for Kathy, it entered into a second contract with Spectrum in which Spectrum agreed to provide Kathy
with counseling, educational, medical, psychological, psychiatric, employment and recreational referrals,
room and board, and maintenance clothing. The contract provided that Spectrum would accommodate
Kathy with a motel room, rather than placement in a group home, and that Spectrum would not provide
twenty-four hour supervision.
On September 1, 1992, Spectrum employee Trenita Womack picked up Kathy and drove her
to a therapy session. While sitting in the waiting room with Kathy, Womack was called to the
telephone. When Womack returned to her seat, both Kathy and Womack’s car keys were missing.
Witnesses later observed Kathy, who was driving Womack’s car, strike another car and continue
driving. Kathy then passed a police car at a high rate of speed, and was pursued by the police. She
came to a stop after striking a second car. Kathy failed to comply after a police officer twice ordered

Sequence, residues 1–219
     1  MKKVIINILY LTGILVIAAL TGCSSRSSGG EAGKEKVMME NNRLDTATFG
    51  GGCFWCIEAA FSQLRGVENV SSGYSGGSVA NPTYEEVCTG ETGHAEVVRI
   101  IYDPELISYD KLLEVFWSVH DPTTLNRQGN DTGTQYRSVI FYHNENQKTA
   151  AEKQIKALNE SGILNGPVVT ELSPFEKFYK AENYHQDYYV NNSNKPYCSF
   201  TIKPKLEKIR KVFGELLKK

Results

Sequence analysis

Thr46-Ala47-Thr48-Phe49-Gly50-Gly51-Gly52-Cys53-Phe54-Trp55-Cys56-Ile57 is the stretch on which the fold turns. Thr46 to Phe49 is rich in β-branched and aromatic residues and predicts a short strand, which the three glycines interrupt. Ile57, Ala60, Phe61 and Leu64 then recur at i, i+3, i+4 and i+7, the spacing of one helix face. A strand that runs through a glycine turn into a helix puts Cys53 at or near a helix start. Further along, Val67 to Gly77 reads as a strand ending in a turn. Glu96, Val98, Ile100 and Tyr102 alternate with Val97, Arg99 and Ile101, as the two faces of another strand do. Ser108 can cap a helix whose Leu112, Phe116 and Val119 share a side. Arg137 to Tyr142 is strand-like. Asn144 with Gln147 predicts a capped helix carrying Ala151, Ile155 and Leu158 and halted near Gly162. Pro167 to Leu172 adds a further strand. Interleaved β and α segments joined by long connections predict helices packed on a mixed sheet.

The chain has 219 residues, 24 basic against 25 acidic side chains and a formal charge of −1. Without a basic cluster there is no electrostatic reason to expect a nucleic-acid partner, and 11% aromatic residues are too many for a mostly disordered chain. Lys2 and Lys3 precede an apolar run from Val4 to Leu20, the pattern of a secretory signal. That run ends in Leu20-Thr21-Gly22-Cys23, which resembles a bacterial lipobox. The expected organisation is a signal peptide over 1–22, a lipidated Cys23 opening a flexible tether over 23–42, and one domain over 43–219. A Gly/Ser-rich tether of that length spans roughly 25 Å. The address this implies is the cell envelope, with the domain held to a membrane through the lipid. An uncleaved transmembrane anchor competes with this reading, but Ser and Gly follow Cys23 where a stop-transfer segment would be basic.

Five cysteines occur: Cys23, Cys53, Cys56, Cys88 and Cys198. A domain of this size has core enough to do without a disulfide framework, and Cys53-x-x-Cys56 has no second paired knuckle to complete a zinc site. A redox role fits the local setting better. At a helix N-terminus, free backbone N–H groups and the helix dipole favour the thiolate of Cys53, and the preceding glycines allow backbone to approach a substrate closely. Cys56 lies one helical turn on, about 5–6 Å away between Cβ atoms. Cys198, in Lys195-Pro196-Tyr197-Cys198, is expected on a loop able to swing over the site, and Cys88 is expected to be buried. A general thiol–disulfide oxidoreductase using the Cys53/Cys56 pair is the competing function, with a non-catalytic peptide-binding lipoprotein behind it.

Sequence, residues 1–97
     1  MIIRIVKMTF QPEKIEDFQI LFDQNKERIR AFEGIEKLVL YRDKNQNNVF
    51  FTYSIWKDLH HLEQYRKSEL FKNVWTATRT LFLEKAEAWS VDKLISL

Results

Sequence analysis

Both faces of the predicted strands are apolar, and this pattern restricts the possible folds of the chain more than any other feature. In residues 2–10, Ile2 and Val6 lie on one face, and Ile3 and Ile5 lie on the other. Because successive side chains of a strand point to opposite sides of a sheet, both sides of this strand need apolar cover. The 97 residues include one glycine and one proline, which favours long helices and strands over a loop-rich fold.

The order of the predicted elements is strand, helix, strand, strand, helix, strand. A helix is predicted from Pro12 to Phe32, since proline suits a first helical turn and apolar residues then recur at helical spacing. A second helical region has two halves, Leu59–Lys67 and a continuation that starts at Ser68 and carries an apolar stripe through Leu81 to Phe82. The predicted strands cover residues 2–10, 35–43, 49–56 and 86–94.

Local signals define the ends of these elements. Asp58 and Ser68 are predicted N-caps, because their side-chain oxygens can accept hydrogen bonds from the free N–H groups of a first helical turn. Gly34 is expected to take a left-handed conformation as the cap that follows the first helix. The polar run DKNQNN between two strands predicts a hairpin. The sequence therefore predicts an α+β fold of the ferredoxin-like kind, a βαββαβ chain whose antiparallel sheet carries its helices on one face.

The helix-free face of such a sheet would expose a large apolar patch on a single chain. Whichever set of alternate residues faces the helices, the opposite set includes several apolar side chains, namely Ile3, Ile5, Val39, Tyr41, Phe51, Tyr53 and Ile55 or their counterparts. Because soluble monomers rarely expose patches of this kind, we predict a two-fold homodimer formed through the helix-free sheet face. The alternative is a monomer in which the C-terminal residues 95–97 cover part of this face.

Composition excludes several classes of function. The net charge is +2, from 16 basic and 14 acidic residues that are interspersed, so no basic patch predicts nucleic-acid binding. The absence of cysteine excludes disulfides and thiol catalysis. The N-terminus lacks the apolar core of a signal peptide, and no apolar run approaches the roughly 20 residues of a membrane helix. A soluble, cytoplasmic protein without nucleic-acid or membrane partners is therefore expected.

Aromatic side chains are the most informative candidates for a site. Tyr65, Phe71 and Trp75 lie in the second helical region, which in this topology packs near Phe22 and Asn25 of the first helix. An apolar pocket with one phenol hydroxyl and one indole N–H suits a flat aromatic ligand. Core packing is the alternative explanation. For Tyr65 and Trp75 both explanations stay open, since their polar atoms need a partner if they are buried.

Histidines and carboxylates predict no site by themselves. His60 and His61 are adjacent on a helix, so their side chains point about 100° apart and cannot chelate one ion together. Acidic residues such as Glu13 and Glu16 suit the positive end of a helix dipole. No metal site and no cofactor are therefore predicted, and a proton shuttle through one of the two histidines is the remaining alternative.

her to exit the car. The officer, who was holding his gun in one hand, opened the car’s driver’s side
door and attempted to pull Kathy out of the vehicle. Kathy struggled with the officer, and the officer’s
gun discharged in the struggle. Kathy died from a gunshot wound to the chest.
Plaintiffs first contend that the trial court erred in granting defendants summary disposition after
incorrectly finding that defendants owed Kathy no duty to protect her from her own actions. We review
de novo an order granting summary disposition. Michigan Mut Ins Co v Dowell, 204 Mich App 81,
86; 514 NW2d 185 (1994). A motion for summary disposition pursuant to MCR 2.116(C)(8) tests
the legal sufficiency of a claim by the pleadings alone to determine if the claim is so clearly unenforceable
as a matter of law that no factual development could establish the claim and justify recovery. Eason v
Coggins Memorial Christian Methodist Episcopal Church, 210 Mich App 261, 263; 532 NW2d